Ron Reynolds (D–Missouri City) has won re-election to the Texas House of Representatives , with a commanding 100 percent of the vote in an uncontested race for a seat representing District 27 in the Houston suburbs.
Despite that wide margin of victory, Reynolds can't exactly crack open the Champagne, as he is currently serving time in Montgomery County jail.
Back in 2015, Reynolds, a former personal injury attorney, was convicted of five misdemeanor charges for his role in a scheme where he and seven other attorneys paid a local chiropractor to sign up patients injured in traffic accidents as clients.
Reynolds filed several appeals of his conviction, all of which were denied.
Since being found guilty, he has managed to win a number of primaries in his heavily Democratic district. In 2016 he won a four-way primary with 48 percent of the vote. In 2018 he managed to get 60 percent in a two-way contest with attorney Wilvin Carver.
"The unfortunate thing about Reynolds is that he is has a strong record for supporting environmental protection and gay rights, but with the possible jail sentence hanging over his head it's hard to support him," wrote the Houston Chronicle editorial board, which threw its support behind Carver.
Because Reynolds was convicted of misdemeanors rather than a felony, he was not forced to resign. He is now serving a year-long sentence, and should be released by September 2019. Unless he is released from jail early, he will miss the entire 2019 legislative session.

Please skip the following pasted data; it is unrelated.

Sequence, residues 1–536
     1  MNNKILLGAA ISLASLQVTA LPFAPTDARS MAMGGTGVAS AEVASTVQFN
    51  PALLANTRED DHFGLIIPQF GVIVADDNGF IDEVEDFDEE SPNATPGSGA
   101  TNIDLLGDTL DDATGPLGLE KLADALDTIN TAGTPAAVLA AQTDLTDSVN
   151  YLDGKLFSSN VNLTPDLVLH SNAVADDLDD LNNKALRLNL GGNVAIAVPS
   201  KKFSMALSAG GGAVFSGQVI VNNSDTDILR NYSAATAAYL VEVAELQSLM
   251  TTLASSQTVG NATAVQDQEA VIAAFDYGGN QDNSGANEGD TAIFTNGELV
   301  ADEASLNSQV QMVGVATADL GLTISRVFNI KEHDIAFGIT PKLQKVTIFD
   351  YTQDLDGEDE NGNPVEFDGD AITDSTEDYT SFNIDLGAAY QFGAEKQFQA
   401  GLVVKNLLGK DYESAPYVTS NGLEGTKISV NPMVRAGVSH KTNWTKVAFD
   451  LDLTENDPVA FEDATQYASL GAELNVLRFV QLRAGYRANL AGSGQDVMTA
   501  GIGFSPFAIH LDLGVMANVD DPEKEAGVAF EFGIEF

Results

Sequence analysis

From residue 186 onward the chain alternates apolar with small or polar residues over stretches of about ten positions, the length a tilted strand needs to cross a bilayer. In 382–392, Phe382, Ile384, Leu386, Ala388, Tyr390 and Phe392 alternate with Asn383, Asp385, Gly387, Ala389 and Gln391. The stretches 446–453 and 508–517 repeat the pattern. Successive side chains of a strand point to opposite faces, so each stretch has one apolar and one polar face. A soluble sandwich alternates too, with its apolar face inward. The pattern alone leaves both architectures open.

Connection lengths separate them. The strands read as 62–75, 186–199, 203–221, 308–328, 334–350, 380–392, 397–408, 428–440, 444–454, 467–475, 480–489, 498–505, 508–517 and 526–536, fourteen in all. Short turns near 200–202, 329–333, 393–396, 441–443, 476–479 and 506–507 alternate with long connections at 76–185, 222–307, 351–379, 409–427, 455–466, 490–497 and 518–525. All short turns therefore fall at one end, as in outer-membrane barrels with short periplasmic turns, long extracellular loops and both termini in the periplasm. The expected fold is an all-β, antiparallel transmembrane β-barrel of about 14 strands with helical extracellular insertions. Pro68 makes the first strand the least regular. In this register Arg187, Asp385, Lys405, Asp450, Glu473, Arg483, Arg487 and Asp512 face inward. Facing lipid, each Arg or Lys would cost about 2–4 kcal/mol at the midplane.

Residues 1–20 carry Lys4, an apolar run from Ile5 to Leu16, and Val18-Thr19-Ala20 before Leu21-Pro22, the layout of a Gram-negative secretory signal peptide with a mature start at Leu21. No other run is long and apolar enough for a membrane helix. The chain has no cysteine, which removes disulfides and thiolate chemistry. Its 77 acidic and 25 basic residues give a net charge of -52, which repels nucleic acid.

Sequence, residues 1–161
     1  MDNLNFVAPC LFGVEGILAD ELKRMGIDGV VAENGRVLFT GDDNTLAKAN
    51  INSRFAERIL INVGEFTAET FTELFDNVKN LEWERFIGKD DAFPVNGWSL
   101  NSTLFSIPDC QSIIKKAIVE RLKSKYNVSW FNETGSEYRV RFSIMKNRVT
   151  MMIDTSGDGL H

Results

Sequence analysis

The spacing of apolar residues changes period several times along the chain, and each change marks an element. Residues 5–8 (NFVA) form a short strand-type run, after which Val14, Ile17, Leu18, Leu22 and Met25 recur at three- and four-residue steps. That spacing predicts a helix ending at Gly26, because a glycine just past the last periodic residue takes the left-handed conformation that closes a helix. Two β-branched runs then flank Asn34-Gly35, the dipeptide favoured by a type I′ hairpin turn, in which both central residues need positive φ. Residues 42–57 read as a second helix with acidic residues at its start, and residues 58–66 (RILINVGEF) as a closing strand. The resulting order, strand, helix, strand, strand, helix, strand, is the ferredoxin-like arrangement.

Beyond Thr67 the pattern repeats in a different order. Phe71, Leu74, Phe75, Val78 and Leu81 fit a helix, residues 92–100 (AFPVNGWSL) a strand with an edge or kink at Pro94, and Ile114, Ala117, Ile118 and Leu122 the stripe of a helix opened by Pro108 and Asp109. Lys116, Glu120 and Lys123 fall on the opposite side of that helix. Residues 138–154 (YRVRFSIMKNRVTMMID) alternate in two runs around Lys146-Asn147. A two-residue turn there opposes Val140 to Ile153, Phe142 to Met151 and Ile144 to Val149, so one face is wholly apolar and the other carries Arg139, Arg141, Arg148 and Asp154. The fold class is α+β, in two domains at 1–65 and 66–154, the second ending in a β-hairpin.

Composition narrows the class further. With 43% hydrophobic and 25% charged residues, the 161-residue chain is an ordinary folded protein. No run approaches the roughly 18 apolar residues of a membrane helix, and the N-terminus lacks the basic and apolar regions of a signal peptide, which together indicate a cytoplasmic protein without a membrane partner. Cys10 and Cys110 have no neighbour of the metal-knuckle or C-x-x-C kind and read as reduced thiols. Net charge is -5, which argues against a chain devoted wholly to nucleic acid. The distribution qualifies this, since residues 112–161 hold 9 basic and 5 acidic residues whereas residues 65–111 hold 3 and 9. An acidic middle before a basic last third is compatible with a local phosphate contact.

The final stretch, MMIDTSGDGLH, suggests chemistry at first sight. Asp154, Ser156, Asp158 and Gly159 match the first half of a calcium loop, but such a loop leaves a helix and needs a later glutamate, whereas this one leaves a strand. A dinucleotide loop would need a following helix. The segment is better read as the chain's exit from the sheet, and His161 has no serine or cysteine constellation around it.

Reynolds' inability to introduce or vote on legislation just might dampen his effectiveness as a legislator. It surely isn't an ideal arrangement for any constituents who expect him to represent their interests in the state House.
This does not seem to bother Democratic politicos, who seem to be in no rush to disavow Reynolds.
A July election flier shared by Fort Bend County Democratic Party Chairwoman Cynthia Ginyard features Reynolds alongside other county candidates. Reynolds' Twitter feed shows him at a September Houston-area African American Faith Leaders Breakfast that was also attended by failed U.S. Senate candidate Beto O'Rourke.
This speaks to a chronic lack of competition. In 2018, nearly a third of Texas' state representatives faced no opponent in the general election. That's not good for state-level democracy, which is supposed to entail, if not good options, at least an option when voters go to the polls.